Thursday September 19 Our wishes finally came true, with crystal clear blue skies and wonderful crisp mountain air, and we were up early and ready to get on the trail further up the valley. Today, we slowly snaked our way up-river towards Tetsa Lake, passing one of the guide’s vacant cabins along the way. With an uneventful morning, we stopped for lunch at the far end of Tetsa Lake, and after our fire was safely put out, we slowly meandered back down the valley. As we neared the guide’s vacant cabin, we were surprised by two bull caribou, who decided to give us a lengthy opportunity to view them and take photos. After a ten-minute photo shoot, the skies started to cloud over and it was time to head back to camp.

We were within a couple miles of the base camp, when Cassiar and Percy’s ears stood up straight. A few seconds later, my partner and I were hearing the familiar toll of a lead mare’s bell. We slowed down and spotted a new hunting camp a hundred metres up the trail on the left. It was time to get down to business and inspect this camp. Micah and I were in our plainclothes, which allowed us to enter the camp without spooking the hunters. After our greetings and initial questioning, we identified ourselves as conservation officers, and the three hunters were absolutely blown away that the British Columbia Conservation Officer Service was actually sending officers out into the backcountry on horses to conduct hunting patrols. There were no violations with the group; they had actually just set up camp for a week-long hunt. We thanked them for their time and made our way back to base camp.


After taking care of the horses and tack, it was time for another hearty dinner and updates with our supervisor via satellite phone. An early curfew was given by Wayne, as tomorrow we needed to pack up camp and make the trek back to the trucks. With mixed feelings, I slowly fell asleep next to my snoring tent-mate, and hoped for more hunters on the way home.

Friday September 20 Yet another gorgeous day in the backcountry, but unfortunately, we had to leave. Breakfast consisted of any leftovers we had, which included canned fruit, instant oatmeal, dried fruit, and Wayne’s specialty hot cakes with brown sugar. Micah and I offered to round up the horses, and did not break any time records, but got Cassiar, Percy, Paint, Bonus, Tuchodi,
Gataga, Tony, Hank, and Kyllo back to camp and ready for packing. We were on the trail before ten o’clock and making our way back down river. Just as we left camp, we spooked a group of moose on either side of the trail, and we had the pleasure of watching three bulls as they tried to court some females, with little success. Micah and I tried to make the trip back as slow as possible so we could enjoy the landscape and all it had to offer. We passed by the guide’s camp again and made our final check on them. Same as last time, there were no violations.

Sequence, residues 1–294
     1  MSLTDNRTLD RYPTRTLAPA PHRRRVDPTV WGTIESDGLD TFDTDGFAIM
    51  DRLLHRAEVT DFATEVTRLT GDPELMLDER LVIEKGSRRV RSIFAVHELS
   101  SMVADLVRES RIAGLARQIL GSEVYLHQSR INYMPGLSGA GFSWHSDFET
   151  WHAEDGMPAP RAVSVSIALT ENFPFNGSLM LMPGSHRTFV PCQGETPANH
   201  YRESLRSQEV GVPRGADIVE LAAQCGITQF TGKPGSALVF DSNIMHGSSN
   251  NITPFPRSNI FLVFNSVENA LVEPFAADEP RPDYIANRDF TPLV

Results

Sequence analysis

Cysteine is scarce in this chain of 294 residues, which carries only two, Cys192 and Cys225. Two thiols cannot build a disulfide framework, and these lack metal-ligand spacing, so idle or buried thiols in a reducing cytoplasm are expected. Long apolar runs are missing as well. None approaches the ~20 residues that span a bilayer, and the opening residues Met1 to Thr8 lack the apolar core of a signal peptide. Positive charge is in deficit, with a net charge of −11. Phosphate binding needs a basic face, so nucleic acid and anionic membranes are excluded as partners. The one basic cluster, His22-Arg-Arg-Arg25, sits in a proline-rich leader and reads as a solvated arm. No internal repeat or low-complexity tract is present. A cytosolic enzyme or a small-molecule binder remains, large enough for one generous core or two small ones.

The most amusing part of the trip was when Micah and Percy had a little disagreement (alluded to earlier) regarding a rest for some water. It seemed that Micah needed to refill his water bottle as we crossed the lower Tetsa River, and Percy decided he did not want to wait for him and fall behind in the pack string. I was trying to not laugh aloud as I watched him run after Percy, cussing him for a good 100 metres. To top it off, when he finally caught up, Percy really didn’t want anyone in his saddle, so it is safe to say that Micah did a little jumping around with one foot in the stirrup!

After Percy and Micah worked things out, the pack string trudged along the well-known trail and we were only interrupted as we neared the Alaska Highway and found large bear prints in the mud, indicating that a grizzly had walked out in front of us. It was easy to see that the horses were a little concerned as we crept through the dense forest and kept our senses alert for any movement in the bushes.

Our arrival at the trail head was a little disappointing, but enjoyable as well, as we were lucky enough to run into a group of five hunters packing their horses for their trip into the Tetsa River Valley. Again, no violations were found, and we had 100% compliance throughout our pack trip.

Our final task was to assist in unpacking our horses, which we had gotten to know and trust. We left Wayne and Alex with our gratitude and thanks and were on the road to make it back into Fort Nelson to check in with our supervisor. We learned later that week that there were upwards of 20 hunters in the Tetsa River Valley while we were there. Oh well, nothing we could do to change that now, and all in all, it was an experience that Micah and I will never forget, and we hope that we can conduct a similar patrol in the future.

Our thanks go out to Wayne and Alex for their willingness to provide a pack string and guide us on our patrol, after already spending the previous three months in the bush. Two greenhorns like us would never have made it off the highway without you!


Author: Joel Kline. Joel is a member
of the British Columbia Society of
Conservation Officers.